Palliative care to cancer patients in Bamako, Mali
Coronavirus COVID-19 pandemic

MSF working with Mali health authorities in treating COVID-19 patients in Bamako

Bamako – Since 22 March, Médecins Sans Frontières (MSF) has been assisting health workers in a centre specialised in treating epidemic-prone diseases, in Bamako, the capital of Mali. Part of Bamako’s Centre Hospitalier Universitaire du Point G, the centre is now being used to provide medical care to patients infected with COVID-19. Fifteen patients have been treated so far, three of them in the intensive care unit. Six patients have since recovered from the disease and have been discharged.

On 25 March, Mali registered its first two people who tested positive for the new coronavirus. Since then day, 116 cases have been confirmed and 10 people have died.

A dedicated treatment centre

The authorities have set up a referral facility in Centre Hospitalier Universitaire du Point G in Bamako where patients with COVID-19 can be isolated and treated.

“MSF has sent a doctor, nurse and hygienist to help in the triage zone at the entrance to Centre Hospitalier Universitaire du Point G,” explains Foura Sassou Madi, MSF’s head of mission in Mali.

Teams from the National Institute of Public Health take samples in the hospital that they then transport to the laboratory for testing.

“While waiting for the results, patients are isolated and put under observation in a zone that has two beds,” says Madi. “We want to increase this number to seven.”

Patients showing signs of the virus and who need medical care are immediately transferred to the treatment unit.

Seven MSF nurses and three doctors have been integrated into the Ministry of Health's health team to work in the treatment unit, and we are recruiting 10 hygienists to join them. For the time being, the unit has eight beds, but a building with capacity for up to 100 beds is being constructed close by.

Patients who have coronavirus are also admitted to Hôpital du Mali and Hôpital Dermatologique. We have provided technical support to both hospitals, establishing patient flow, and implementing infection prevention and control measures.

Maintaining cancer care is one of our priorities... but it’s going to be a problem if we don't have sufficient supplies of masks and equipment to ensure the protection of these particularly vulnerable patients. Dr Idrissa Compaore, MSF medical coordinator Mali

Administering oxygen to patients

Patients with severe coronavirus symptoms generally have hypoxia (low oxygen levels in body tissue) and need oxygen, which, according to how much the patient requires and the available infrastructure, is delivered by different devices, such as oxygen concentrators.

“Point G hospital has an oxygen production unit,” says Dr Idrissa Compaore, MSF’s medical coordinator in Mali. “We are working with the hospital management on improving the flow of oxygen from the production unit and installing a wall-mounted supply system so that, in the new building, oxygen can be delivered directly to the patient’s bed.”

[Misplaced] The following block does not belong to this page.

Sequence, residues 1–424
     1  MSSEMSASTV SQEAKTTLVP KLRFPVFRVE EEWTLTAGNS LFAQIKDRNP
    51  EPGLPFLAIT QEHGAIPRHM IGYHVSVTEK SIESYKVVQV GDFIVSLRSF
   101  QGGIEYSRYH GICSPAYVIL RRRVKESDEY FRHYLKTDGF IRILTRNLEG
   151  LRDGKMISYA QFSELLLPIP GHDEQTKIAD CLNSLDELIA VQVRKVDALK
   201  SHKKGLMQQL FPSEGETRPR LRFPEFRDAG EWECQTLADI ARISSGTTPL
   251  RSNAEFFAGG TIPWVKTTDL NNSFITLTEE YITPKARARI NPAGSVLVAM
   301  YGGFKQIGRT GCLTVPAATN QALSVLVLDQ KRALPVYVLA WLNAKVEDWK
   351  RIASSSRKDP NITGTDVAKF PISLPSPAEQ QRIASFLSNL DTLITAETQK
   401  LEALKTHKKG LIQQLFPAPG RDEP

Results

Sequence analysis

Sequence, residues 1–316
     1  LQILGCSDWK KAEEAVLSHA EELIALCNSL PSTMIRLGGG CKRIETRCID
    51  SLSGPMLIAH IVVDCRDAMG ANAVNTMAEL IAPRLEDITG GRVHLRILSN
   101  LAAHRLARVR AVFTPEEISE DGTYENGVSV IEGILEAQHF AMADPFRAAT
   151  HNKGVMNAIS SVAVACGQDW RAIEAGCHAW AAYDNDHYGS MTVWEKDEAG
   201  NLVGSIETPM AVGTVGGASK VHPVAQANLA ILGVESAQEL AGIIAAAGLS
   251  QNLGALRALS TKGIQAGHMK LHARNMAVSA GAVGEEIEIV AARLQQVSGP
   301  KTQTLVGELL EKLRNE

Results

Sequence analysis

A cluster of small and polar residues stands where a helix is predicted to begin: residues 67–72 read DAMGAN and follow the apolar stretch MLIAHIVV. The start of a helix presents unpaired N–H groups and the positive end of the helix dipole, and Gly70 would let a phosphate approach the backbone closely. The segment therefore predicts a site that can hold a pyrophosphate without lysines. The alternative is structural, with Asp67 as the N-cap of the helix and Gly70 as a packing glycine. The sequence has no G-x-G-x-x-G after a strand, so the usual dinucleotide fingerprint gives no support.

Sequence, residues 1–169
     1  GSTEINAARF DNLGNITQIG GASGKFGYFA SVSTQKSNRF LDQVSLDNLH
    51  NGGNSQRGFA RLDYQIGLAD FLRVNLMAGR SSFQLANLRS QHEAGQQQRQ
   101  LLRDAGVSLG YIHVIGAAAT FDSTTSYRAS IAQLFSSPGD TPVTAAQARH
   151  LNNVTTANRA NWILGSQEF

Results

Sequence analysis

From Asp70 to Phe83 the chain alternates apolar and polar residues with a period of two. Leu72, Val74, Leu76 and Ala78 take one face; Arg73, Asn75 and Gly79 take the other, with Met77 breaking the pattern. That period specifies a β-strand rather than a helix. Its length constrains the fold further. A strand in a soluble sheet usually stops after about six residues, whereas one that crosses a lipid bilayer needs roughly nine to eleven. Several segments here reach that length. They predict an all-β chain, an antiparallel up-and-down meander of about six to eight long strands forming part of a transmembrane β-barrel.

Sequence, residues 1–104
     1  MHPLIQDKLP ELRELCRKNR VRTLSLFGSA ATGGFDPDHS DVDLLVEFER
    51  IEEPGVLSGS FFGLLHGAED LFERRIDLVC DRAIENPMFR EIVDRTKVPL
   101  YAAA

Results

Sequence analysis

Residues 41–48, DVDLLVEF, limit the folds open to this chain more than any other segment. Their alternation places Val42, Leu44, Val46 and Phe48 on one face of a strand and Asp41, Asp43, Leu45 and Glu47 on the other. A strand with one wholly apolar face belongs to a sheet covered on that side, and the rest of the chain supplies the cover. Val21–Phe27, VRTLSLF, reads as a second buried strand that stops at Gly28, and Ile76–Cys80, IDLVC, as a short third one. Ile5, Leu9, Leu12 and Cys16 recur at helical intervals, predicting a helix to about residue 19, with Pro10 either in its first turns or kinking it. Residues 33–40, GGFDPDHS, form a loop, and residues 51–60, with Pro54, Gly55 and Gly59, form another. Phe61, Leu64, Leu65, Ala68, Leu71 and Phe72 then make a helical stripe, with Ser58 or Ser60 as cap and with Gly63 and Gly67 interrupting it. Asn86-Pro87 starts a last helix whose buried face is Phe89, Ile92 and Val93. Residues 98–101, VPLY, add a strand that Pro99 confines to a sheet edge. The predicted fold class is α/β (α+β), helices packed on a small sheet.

Treatment is provided free of charge to patients with COVID-19 admitted to Point G hospital —from oxygen, drugs and pain management through to check-ups and medical examinations.

Protecting health workers and those most at risk

Protecting medical staff and those most at risk of developing severe forms of the disease, such as the elderly and those with chronic conditions – like diabetes, cancer, high blood pressure or other cardiovascular problems – is a real challenge as the world faces mounting pressure on the manufacture of personal protective equipment, including masks.

Protecting medical teams from the risk of contracting coronavirus is absolutely crucial to be able to continue to provide care. And, in Bamako, this is an issue that affects more than just the COVID-19 treatment unit. We have been supporting the hospital’s haematology-oncology department since the end of 2018.

“Maintaining this activity is one of our priorities, so that patients who have cancer can continue their treatment and those who need it can be put on it,” says Dr Compaore. “But it’s going to be a problem if we don't have sufficient supplies of masks and equipment to ensure the protection of these particularly vulnerable patients and the staff following them.”

Taking action to prevent the spread of the virus

The battle against the COVID-19 virus is being fought beyond hospitals. MSF teams are supporting Ministry of Health teams who go to Bamako neighbourhoods to inform people about what they should do to protect themselves from the virus and avoid spreading it to those around them. MSF has set up water points — around 30 so far — to facilitate hand washing in the most crowded places; we are planning to extend these initiatives.

MSF is deployed in places other than Bamako to assist people with urgent needs but little access to healthcare, particularly in conflict zones in central and northern Mali. The organisation has programmes in Douentza, Ansongo, Koutiala, Ségou, Ténenkou, Niono and Koro. The teams are enhancing prevention, hygiene and infection control measures and setting up spaces for isolating potential COVID-19 patients in all the medical facilities where they work. And, as part of the response to COVID-19, MSF is also helping the Ministry of Health with activities such as staff training and raising public awareness in regions where the organisation is already working. Hospitals in Gao and Sévaré have also received technical support. 

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